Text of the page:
The nervous system is involved in virtually everything the body does. Therefore, nerve pain and nerve damage can seriously affect your quality of life. 

Damage to the motor nerves can result in weakness, muscle atrophy, and twitching. Sensory nerve damage can result in pain, burning, tingling, numbness, and sensitivity.

Verve Cell Brain Neurons

When we’re living with pain, weakness and other life changing symptoms, we want it to stop.

But is there a quick fix for nerve damage? Or does recovering from nerve damage take time?

Types of Nerve Damage

The peripheral nervous system can be thought of as a complex wiring system for carrying messages to and from the brain and the spinal cord. The axons, which are wrapped in a fatty substance known as myelin, are the “live wires” in the system which connect one nerve cell to another. 

Peripheral neuropathy refers to damage to the nerves outside the brain and spinal cord and can lead to weakness, numbness, and pain, most often in the hands and feet, but in other areas of the body as well

Pain

According to WebMD, some 20 million Americans suffer from peripheral nerve damage. Peripheral nerve damage becomes more common as we age, and as many as 70% of those with diabetes suffer some level of nerve damage. 

What Causes Nerve Damage

In addition to being caused by diabetes, peripheral neuropathy can result from:

  • Traumatic injuries
  • Infections
  • Exposure to toxins
  • Inherited causes
  • Metabolic issues
  • Autoimmune diseases such as:
    • Multiple sclerosis
    • Guillain-Barre’ syndrome
    • Myasthenia gravis
    • Lupus 
    • ALS
  • Nutritional deficiencies
  • Compression or trauma to the nerves

Those who suffer from peripheral neuropathy typically describe the pain as “stabbing,” “burning,” or “tingling.” 

Nerve Damage Usually Progresses Over Time

Nerve damage is like a broken wire, in that there is a loss of the normal signals being sent. There are errors which distort the message being sent or there is an inappropriate signaling of messages.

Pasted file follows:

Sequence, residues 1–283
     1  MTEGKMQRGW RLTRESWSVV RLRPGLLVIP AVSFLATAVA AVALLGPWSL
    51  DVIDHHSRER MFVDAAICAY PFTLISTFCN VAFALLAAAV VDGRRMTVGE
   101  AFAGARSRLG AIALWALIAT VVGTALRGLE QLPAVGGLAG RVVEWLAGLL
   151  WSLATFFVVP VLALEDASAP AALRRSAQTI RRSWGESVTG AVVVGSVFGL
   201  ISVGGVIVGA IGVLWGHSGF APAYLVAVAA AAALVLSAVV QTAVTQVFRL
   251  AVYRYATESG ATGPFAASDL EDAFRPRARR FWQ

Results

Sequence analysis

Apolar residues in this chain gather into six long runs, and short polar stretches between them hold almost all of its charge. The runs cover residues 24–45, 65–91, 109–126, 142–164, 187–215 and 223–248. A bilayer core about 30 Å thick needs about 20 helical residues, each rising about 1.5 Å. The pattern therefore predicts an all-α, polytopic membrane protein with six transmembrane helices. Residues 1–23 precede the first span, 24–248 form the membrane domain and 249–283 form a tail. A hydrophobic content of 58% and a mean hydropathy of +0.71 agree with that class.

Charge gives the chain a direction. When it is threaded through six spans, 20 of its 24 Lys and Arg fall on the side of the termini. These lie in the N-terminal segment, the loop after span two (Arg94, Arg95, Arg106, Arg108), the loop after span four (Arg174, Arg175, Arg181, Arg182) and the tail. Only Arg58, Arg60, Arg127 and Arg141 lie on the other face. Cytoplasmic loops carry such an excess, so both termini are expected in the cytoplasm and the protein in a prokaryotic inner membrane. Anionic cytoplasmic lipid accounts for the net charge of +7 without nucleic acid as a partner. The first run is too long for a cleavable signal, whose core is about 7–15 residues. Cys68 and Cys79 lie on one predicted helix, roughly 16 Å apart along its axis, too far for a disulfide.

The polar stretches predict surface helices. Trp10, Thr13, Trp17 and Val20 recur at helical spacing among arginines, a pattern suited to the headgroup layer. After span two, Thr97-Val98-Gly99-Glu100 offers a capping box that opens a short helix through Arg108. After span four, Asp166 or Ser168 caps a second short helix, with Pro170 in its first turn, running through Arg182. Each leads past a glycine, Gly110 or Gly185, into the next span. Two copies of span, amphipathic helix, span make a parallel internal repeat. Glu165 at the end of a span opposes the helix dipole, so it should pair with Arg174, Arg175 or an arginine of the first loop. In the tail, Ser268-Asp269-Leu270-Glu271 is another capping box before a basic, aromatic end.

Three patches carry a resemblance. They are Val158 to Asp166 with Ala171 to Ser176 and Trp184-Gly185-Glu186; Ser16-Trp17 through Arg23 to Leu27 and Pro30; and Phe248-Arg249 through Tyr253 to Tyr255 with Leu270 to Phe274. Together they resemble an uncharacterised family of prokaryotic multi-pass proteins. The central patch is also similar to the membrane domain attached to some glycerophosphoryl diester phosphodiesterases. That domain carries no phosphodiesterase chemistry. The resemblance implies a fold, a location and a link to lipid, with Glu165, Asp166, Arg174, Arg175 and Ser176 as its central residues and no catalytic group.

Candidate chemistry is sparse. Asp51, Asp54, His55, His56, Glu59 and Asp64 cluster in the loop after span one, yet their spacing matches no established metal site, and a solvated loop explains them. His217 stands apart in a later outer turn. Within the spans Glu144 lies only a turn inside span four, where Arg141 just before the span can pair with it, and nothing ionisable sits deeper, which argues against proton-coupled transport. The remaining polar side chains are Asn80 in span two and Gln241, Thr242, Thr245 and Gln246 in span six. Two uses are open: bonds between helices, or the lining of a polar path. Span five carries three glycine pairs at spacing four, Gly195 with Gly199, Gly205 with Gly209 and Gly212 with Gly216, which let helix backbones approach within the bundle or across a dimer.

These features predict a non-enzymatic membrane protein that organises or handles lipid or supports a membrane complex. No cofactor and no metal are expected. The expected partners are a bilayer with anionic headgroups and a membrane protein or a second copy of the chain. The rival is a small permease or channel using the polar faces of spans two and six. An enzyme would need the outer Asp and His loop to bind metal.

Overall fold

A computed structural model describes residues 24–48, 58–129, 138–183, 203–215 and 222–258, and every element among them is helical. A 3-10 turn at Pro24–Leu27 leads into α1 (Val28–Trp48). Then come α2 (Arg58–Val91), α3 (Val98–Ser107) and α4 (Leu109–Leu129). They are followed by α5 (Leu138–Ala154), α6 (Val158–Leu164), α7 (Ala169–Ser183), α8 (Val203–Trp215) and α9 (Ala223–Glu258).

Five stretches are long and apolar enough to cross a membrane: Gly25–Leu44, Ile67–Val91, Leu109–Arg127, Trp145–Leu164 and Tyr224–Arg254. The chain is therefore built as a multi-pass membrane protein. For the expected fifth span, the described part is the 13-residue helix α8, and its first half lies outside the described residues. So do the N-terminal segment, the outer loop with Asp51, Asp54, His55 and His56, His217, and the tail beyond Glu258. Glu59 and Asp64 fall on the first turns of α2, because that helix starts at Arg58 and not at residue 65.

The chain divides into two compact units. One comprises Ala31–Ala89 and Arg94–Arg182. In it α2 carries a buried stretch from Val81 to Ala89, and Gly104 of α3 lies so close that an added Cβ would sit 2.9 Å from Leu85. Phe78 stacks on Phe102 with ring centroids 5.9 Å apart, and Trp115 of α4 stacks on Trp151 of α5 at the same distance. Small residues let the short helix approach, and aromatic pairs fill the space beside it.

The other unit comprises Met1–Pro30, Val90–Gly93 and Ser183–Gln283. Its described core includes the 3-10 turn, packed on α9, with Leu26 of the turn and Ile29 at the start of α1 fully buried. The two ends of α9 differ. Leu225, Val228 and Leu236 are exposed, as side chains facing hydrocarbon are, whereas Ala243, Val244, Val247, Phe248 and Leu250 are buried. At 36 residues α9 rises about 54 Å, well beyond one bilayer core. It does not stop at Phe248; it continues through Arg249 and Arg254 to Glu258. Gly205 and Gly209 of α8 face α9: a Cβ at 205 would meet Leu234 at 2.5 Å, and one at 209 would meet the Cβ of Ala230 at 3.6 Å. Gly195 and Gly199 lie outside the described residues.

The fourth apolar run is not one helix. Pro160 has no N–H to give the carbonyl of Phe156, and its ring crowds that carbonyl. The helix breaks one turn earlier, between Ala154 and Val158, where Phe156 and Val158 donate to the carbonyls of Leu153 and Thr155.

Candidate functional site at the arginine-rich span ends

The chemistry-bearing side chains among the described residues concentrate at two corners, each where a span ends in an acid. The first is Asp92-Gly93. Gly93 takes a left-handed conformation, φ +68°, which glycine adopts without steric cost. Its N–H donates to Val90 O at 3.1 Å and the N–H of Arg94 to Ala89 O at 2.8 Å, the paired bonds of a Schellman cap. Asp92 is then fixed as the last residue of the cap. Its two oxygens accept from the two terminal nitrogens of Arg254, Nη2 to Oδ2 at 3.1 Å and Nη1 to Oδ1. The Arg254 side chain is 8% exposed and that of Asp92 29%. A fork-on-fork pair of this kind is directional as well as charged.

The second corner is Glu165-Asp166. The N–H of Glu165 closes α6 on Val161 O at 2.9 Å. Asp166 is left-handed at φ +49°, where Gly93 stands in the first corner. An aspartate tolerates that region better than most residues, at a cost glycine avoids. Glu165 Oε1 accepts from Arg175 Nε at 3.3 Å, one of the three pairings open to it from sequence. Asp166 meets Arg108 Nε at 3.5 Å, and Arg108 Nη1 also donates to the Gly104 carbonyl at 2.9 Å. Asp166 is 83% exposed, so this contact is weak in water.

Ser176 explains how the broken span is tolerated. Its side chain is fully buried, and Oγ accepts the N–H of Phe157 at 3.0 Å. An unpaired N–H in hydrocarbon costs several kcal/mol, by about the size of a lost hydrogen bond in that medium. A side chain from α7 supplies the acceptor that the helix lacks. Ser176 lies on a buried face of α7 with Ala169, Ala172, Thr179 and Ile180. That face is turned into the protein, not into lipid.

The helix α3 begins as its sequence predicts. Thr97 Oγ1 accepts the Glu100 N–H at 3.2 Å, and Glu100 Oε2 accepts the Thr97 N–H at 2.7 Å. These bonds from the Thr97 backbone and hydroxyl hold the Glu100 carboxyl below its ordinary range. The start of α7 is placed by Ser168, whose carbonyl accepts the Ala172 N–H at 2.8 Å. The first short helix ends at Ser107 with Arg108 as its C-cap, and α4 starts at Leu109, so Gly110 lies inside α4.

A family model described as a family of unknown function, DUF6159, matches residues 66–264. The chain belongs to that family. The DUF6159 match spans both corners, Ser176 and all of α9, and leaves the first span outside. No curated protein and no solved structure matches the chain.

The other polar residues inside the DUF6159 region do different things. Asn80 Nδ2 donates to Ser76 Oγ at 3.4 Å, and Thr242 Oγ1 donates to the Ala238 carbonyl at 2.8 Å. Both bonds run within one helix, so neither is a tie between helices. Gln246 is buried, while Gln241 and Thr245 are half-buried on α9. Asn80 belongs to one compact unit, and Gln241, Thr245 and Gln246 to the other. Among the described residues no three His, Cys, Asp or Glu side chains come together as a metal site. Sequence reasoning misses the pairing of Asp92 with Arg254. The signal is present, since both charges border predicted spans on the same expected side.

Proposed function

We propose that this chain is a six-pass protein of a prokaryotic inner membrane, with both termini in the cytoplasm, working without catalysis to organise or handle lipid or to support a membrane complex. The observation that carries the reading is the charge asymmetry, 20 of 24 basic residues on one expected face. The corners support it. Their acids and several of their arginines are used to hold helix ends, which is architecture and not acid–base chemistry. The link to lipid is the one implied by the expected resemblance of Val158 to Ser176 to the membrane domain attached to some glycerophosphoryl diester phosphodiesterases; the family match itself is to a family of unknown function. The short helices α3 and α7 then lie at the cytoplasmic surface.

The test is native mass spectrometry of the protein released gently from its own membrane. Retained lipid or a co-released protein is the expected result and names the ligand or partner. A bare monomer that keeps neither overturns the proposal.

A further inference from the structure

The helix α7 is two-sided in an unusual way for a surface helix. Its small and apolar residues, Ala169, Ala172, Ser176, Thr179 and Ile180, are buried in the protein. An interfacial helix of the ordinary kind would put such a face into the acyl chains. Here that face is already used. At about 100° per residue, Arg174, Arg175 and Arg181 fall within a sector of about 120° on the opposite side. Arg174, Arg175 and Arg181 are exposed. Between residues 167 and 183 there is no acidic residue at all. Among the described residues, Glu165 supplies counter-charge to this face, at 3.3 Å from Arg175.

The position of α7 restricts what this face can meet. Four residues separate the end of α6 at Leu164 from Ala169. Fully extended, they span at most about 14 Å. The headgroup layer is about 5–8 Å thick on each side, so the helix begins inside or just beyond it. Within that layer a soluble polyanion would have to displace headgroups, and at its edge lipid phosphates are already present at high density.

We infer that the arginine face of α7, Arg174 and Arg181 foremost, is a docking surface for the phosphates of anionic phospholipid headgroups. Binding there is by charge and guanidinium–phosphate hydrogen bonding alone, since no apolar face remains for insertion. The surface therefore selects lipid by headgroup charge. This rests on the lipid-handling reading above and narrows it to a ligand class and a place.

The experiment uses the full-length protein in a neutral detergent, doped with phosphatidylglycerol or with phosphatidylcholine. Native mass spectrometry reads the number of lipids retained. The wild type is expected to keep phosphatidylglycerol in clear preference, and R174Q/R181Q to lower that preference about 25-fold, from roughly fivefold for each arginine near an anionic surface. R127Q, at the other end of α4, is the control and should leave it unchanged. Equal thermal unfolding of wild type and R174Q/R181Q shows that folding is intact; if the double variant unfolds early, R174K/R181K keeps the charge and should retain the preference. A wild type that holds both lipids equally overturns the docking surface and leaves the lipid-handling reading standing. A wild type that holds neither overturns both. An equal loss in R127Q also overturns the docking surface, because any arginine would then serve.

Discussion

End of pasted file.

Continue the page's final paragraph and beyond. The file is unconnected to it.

While there are many causes of nerve damage, what most of them have in common is that (other than nerve damage caused by trauma), nerve damage typically occurs slowly, over the years and gets progressively worse as time goes by. 

While symptoms of nerve damage caused by trauma will usually improve on its own, nerve damage caused by other issues can worsen gradually

Step by Step

Nerve Damage that Takes Time to Develop Can Take Time to Get Better

Damaged nerves will try to repair themselves by “sprouting” regenerating nerve units, which will then attempt to grow down the nerve to reinnervate muscles or skin. If the connection is successful, then recovery will commence. If those regenerating nerve fibers are unable to make a connection, no recovery can occur. 

Nerves which are attempting to regenerate do so at a rate of about one inch per month, and while sensation may be regained after long periods of time, it takes much more time for muscle reinnervation

Hope

Hope for Helping Improve Nerve Damage

Because nerve damage is often progressive, it may not always be able to completely reverse the effects. The underlying condition causing the nerve pain or nerve damage must be addressed, whether through correcting nutritional deficiencies, changing medications, regulating blood sugar levels for those with diabetes, taking medications to treat autoimmune conditions or engaging in physical therapy or surgery for nerve compression or nerve trauma.

One option is through better nutrition. Dr. Terry Wahls has found great success with her groundbreaking Wahls Protocol by literally eating her way out of MS symptoms.

A cancer study done at the University of Iowa tested nicotinamide riboside, a naturally occurring form of the B3 vitamin, found that NR increases levels of Nicotinamide Adenine Dinucleotide (NAD+), a key coenzyme which cells depend on to fuel all basic functions.

NAD+ levels drop as we age and may drop more when cancer or other chronic diseases invade the body. The study found that increasing the levels of NAD+ can help ward off and even reverse neuropathy.  

How NAD+ & Biotin Support Better Nerve Health

Leading researchers and doctors in the field of neurology such as Dr. Ross Grant have been studying the synergy of NAD+ when combined with higher levels of D-Biotin.

Click here to read scholarly articles about NAD+ & D-Biotin.

Additionally, recent studies of patients taking Myetin®, a ground-breaking nutritional supplement combining NAD+ & D-Biotin, found significant improvement in both pain and fatigue after 120 days.

Click here to read the patient study.

It is important to understand, however, that just as your nerve damage did not occur overnight, it will take time for the body to repair itself when done naturally, from the inside out. 

It’s also a good idea to track your results any time you’re starting a new health journey. Feeling a little better each day is sometimes hard to notice, so a daily journal or symptoms tracker will help you celebrate the progress you make along the way!